Designing small gardens can be a challenge. Good planning is the key, which of course applies to all garden design. But in a small garden there are additional issues to think about.



In a small garden simplicity is the key. Without it small gardens can fail miserably.

Simplicity does not mean boring either. A simple flowing landscape helps promote space.

  • Keep the plant palette minimal, keep colours restrained, with an emphasis on foliage and form for year round interest.
  • Follow the rule of ‘less is more’. Over designed, cluttered spaces look busy and contrived.
  • The secret is achieving a balance and symmetry in the garden.
  • stick to a strong design theme. Follow through using plants and materials that fit that style. Avoid creating a mish mash of ideas.
  • Pay attention to details, choose high-quality materials and make sure the work done by a skilled professional.
  • Use strong, simple shapes for garden beds. Geometric shapes work well. This allows for scope for more decorative, dynamic elements you can add into the garden such as sculpture and water features.


outdoor_furn_Bweb.JPG Proportion

Many people think small gardens need small plants, well the opposite is true. Well-chosen large plants in a small garden appear to enlarge the space rather than diminish it.

This principal also works on the ground plane with paving and other hard landscaping features. A larger format paver will make the space appear larger than compared to lots of smaller sized cobbles or bricks .


  • Keep outdoor furniture at an appropriate size for its space. Avoid bulky furniture. Use a few large simple pieces of furniture in place of several smaller pieces.
  • Choose plants that will not overwhelm or grow too big for the space and eventually look out of place for the scale of the site. Vertical, narrow foliage allows plenty of light to filter through without causing over crowding.
  • Built structures such as pergolas should be carefully designed to sit effortlessly within the landscape and connect visually with the architecture of the house.
  • Generate a feeling of space by laying pavers or garden beds on a 45 degree angle across the garden. This technique draws the eye along the lines to the garden edges and gives the illusion of length.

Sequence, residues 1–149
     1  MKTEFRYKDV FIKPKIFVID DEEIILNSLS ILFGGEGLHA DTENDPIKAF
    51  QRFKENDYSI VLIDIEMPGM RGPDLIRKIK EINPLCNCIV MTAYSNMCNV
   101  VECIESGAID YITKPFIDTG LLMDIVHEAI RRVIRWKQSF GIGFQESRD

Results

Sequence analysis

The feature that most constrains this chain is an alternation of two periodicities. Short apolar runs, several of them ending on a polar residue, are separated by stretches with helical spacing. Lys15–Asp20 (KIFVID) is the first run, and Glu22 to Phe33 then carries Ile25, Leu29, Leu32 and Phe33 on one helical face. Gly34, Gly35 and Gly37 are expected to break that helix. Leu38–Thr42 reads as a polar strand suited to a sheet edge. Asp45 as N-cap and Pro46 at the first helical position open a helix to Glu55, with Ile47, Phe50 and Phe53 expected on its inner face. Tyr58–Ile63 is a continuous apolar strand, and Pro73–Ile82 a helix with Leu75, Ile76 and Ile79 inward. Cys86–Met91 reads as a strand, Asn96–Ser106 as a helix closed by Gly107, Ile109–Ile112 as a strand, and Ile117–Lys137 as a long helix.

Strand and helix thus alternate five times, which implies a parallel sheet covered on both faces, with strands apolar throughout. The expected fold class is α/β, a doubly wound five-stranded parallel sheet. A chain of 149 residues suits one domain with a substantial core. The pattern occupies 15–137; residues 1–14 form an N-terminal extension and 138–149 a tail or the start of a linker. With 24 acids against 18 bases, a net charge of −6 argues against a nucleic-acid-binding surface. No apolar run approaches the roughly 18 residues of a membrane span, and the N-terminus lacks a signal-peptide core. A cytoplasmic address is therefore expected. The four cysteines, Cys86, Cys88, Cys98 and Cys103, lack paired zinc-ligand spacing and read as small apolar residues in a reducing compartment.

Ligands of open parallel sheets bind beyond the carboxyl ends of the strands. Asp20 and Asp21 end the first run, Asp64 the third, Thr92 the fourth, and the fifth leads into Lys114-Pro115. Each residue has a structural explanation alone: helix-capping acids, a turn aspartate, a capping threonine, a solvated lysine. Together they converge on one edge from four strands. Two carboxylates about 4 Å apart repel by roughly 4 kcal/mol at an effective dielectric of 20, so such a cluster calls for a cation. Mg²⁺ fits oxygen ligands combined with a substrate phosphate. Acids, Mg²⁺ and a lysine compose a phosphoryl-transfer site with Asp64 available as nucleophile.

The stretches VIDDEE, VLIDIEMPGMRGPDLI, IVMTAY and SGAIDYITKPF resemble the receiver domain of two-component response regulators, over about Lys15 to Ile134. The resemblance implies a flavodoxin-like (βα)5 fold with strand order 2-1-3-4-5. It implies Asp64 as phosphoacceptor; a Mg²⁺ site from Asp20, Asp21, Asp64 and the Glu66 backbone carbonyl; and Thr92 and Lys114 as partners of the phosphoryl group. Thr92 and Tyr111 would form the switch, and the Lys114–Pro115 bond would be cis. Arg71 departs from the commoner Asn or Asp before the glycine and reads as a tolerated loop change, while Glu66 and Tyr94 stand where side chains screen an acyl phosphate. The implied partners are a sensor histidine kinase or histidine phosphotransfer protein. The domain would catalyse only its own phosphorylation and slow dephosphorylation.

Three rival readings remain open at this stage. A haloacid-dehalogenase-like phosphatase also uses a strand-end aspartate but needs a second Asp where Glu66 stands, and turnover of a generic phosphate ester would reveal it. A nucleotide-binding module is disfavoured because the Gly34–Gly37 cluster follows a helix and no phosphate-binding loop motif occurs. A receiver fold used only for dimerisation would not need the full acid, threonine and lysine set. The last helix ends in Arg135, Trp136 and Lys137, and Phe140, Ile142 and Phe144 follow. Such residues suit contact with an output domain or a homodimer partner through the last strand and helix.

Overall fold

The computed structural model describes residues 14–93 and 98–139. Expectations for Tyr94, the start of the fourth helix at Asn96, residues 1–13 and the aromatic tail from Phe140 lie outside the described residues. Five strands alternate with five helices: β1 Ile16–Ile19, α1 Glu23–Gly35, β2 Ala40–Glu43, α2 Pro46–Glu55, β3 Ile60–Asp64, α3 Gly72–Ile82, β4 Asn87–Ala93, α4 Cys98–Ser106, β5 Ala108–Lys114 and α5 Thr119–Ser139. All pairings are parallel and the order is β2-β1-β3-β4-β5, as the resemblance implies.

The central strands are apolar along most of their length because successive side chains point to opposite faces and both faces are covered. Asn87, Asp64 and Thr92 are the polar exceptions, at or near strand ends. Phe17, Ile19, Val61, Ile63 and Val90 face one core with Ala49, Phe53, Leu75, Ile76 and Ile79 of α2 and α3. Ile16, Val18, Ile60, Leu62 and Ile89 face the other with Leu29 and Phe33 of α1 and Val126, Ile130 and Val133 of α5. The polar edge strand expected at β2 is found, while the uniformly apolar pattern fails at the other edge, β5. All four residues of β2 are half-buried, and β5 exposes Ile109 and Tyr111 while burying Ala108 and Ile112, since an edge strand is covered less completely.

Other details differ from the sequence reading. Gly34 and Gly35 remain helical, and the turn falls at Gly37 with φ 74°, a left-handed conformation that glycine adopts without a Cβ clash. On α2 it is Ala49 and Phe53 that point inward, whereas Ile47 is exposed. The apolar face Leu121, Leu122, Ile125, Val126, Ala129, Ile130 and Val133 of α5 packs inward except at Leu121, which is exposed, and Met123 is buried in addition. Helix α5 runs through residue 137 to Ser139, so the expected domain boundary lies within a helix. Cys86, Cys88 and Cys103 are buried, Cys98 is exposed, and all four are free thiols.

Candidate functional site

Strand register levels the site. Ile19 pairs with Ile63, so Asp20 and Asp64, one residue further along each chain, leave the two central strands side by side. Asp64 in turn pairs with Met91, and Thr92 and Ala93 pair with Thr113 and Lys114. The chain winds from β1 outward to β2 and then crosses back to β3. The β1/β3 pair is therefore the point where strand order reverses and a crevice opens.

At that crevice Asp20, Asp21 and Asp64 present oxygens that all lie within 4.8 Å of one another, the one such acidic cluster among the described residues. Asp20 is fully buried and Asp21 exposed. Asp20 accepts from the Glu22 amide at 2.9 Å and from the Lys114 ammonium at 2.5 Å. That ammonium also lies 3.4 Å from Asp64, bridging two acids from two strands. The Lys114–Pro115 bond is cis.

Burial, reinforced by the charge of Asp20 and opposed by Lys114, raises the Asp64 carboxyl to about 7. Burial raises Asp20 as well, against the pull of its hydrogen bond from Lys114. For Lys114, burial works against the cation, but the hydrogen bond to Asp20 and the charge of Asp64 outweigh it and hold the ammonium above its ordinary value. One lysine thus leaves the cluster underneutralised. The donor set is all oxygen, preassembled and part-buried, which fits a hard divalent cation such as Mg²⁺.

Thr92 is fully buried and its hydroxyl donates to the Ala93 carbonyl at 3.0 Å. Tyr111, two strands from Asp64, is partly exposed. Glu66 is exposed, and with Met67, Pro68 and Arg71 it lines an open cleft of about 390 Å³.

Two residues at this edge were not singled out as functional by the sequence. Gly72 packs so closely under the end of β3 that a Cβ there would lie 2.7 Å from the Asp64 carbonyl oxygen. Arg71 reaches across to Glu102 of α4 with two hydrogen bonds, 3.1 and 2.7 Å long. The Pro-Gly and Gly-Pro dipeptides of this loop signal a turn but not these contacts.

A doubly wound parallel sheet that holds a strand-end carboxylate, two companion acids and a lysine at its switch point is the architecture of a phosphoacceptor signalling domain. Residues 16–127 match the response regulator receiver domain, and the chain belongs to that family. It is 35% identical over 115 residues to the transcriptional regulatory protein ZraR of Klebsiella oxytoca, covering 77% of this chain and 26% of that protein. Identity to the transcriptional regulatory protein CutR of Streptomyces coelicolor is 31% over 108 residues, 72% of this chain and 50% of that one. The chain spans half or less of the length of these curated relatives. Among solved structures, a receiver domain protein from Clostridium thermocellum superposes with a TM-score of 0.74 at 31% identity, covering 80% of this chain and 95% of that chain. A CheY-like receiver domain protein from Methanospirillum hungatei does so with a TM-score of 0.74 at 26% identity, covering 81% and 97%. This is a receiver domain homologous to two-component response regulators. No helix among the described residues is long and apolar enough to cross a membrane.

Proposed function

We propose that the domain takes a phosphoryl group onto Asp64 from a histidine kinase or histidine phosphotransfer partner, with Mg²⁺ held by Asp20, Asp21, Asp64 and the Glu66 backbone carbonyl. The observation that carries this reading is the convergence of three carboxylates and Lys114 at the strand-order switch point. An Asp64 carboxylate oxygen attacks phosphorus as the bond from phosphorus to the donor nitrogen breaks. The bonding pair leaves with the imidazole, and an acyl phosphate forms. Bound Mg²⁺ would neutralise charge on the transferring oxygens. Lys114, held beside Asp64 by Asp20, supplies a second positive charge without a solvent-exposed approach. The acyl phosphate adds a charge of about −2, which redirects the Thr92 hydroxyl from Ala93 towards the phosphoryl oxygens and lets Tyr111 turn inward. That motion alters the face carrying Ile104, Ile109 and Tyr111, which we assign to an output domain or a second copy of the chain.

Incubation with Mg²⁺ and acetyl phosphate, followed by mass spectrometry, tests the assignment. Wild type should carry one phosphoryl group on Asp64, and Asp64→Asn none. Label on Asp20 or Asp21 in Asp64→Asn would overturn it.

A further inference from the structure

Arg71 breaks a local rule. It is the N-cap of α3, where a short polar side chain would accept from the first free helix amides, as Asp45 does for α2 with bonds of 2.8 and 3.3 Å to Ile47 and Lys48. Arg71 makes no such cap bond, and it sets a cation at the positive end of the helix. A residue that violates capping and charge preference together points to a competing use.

• To make a garden appear longer, place larger plants in the foreground and set increasingly smaller ones behind.

Murryay_s_afters_004web.jpg Unity

There should be a link between house and garden as the architecture is a particularly prominent backdrop in a small garden. There are many ways to unify the two.

  • Create continuity between the interior and exterior of the house by taking materials such as paving, tiles or timber from the inside out into the garden. This idea works particularly well if you have a courtyard or patio immediately off the kitchen or living area.
  • Visually link the interior with the outdoors by introducing colour used in furnishings with foliage or flowers planted in the garden.
  • Unify the planting in a small space by repeating groups of plants or keep to a single colour theme.
  • Take a look at the external architecture of the house and repeat some of these basic shapes in the garden.
  • Most small gardens are viewed from the house, so think about creating visual focal points viewed from within the house. Whether it’s a very special plant or an expensive piece of sculpture.



Form follows function in a small space. In tiny gardens, where space is limited, every inch of it must be used to advantage. It needs to provide a useful function as well as look aesthetically pleasing.

  • Use elements that have a dual purpose, such as planters that double as seating. Or create storage inside a closed timber bench seat.
  • Include plenty of seating. Make sure paving or decking areas are big enough to include a table and chairs. Bench seating is the best way to deal with tight areas. They tend to sit on the perimeter of paving so it does not intrude too much.
  • Some amazing dramatic effects can be created using lighting. By adding lighting you can utilize the garden after dark. Avoid putting too much light onto boundaries. Feature trees, water features and gazebos will benefit from subtle lighting.

By following some of these simple rules, your garden will feel comfortable, not cramped. You’ll have an intimate space that suits all your needs.



Sandra is an award-winning landscape designer based in Auckland.

Sandra Batley Dip LD

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